As I’ve pointed out here (and elsewhere) multiple times, the most notorious worm of all – the Internet Worm (or ‘Morris Worm’) of 1988 had three attack vectors of UNIX systems. If it wasn’t for a poorly thought out method (on how to keep the worm active on each system), he might have gotten away with it – he made it appear to come from another university; but his method starved the system of resources which dropped them to their knees. I’ve also given the example of the Ramen worm that affected Red Hat Linux (though the bugs had been patched for some time before the worm was released). There are other examples. Mac OS malware exists too as is shown fairly often (far more often than Linux but it has nothing to do with what is possible). Mac OS is based on NeXT and BSD Unix. NeXT is also Unix. We all know DOS and Windows are full of malware.

Computer viruses – as a concept – is quite old. I seem to recall that the concept was in literature before it actually happened. Adding reference to the article: (called ‘Theory of Self-Reproducing Automata’ by John Von Neumann)

There are two things to consider, then for Unix (and MacOS):

1. For Unix users (like me – even though I primarily only use Linux these days, this point is still relevant) what is most commonly exchanged is source code, which means those who know the language(s) the software is written in, can audit it themselves (to an extent – the only 100% sure audit is when you write the software yourself). I don’t know how this works with MacOS, though.
2. The target audience is a lot smaller. This applies to both Mac OS and Unix more generally.

Ask yourself this finally: if you were writing malware – for whatever purpose – wouldn’t you want it to infect as many devices as possible? Of course the answer is ‘yes’. This is how it was way back when it wasn’t so much about theft/fraud/etc. This only adds ‘proof’ to the myth that only Windows has malware.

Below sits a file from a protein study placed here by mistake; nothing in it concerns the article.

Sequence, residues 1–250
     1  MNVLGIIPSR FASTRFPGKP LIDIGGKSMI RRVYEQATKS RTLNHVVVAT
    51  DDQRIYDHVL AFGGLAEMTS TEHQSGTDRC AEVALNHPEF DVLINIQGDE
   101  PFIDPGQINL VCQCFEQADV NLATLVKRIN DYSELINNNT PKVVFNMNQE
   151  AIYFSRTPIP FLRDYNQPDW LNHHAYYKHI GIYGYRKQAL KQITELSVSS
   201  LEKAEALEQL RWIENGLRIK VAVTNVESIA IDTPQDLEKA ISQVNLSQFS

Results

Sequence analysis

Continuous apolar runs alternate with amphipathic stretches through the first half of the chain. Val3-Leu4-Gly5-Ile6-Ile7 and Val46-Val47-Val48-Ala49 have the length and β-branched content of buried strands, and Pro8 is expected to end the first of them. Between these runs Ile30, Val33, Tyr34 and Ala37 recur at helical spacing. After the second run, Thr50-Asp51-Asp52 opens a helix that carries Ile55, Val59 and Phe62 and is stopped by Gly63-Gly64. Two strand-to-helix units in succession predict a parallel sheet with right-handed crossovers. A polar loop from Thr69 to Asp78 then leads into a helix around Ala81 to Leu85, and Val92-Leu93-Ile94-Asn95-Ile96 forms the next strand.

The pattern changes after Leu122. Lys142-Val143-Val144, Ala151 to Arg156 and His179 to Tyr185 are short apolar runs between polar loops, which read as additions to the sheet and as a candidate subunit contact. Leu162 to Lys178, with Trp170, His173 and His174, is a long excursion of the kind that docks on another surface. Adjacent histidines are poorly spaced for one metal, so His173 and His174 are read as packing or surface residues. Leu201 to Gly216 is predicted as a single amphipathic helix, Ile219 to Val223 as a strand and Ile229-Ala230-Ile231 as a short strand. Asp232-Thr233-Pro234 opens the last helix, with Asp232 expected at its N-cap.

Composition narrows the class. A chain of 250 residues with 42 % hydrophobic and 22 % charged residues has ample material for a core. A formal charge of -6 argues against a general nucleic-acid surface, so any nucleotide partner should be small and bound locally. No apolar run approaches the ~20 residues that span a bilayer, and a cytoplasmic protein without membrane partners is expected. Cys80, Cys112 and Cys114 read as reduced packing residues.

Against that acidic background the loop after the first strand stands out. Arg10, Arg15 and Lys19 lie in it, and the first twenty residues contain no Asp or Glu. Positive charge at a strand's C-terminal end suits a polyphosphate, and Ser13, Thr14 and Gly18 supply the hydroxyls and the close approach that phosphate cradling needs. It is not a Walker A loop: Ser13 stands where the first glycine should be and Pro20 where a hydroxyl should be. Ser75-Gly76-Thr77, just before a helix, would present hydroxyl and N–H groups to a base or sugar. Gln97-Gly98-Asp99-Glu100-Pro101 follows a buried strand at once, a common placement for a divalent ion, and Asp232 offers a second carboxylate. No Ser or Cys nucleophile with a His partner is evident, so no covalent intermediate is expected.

As Graham reminds you, if you don’t follow safe computer practises then you will have problems whether you have an antivirus or not – an otherwise very secure environment can be completely worthless because a user doesn’t care.

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This has to rank amongs the biggest cons of the century and even beats Nigerian scams. So many Apple user fell for the ‘Apple can’t get malware’ scam that if there was money attached to it, someone would be very rich indeed.

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Something everyone is forgetting, we have a responsibility to other Internet users. Regardless of whether you are using Mac/Linux/Windows we are all susceptible to malware attacks, be it by dodgy emails, cross site scripting etc. Using Mac/Linux may protect the root account, and the payload may not fire, but the malware can still sit there waiting for you to pass it on.

Apache is probably the most used Web server (and generally runs on Linux), but the websites they hosts are not immune to having various threat vectors waiting for the unsuspecting (blind) passer-by.

Having an AV/Malware solution may not seem necessary on such “invulnerable” systems, but it may warn you that something IS wrong and stop you passing it on.

  • coyote
    Cheers to that! I’m glad someone gets this – we’re all responsible for our part of the global security of the Internet. Thank you for pointing this out; this is something I – and others – have written about before, but yet people just don’t get it. Every vulnerable system leads to an additional vulnerable system including because of spam botnets (and other DoS and DDoS botnets – yes, people, spam is a form of a DoS attack because it fills in inboxes and it wastes many many – network included – resources, even when the mail is rejected or filtered in some way!).